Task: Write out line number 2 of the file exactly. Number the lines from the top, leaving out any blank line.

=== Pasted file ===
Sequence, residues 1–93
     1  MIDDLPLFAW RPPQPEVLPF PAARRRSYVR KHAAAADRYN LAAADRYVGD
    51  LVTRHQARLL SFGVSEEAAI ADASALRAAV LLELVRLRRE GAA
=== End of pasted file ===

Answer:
     1  MIDDLPLFAW RPPQPEVLPF PAARRRSYVR KHAAAADRYN LAAADRYVGD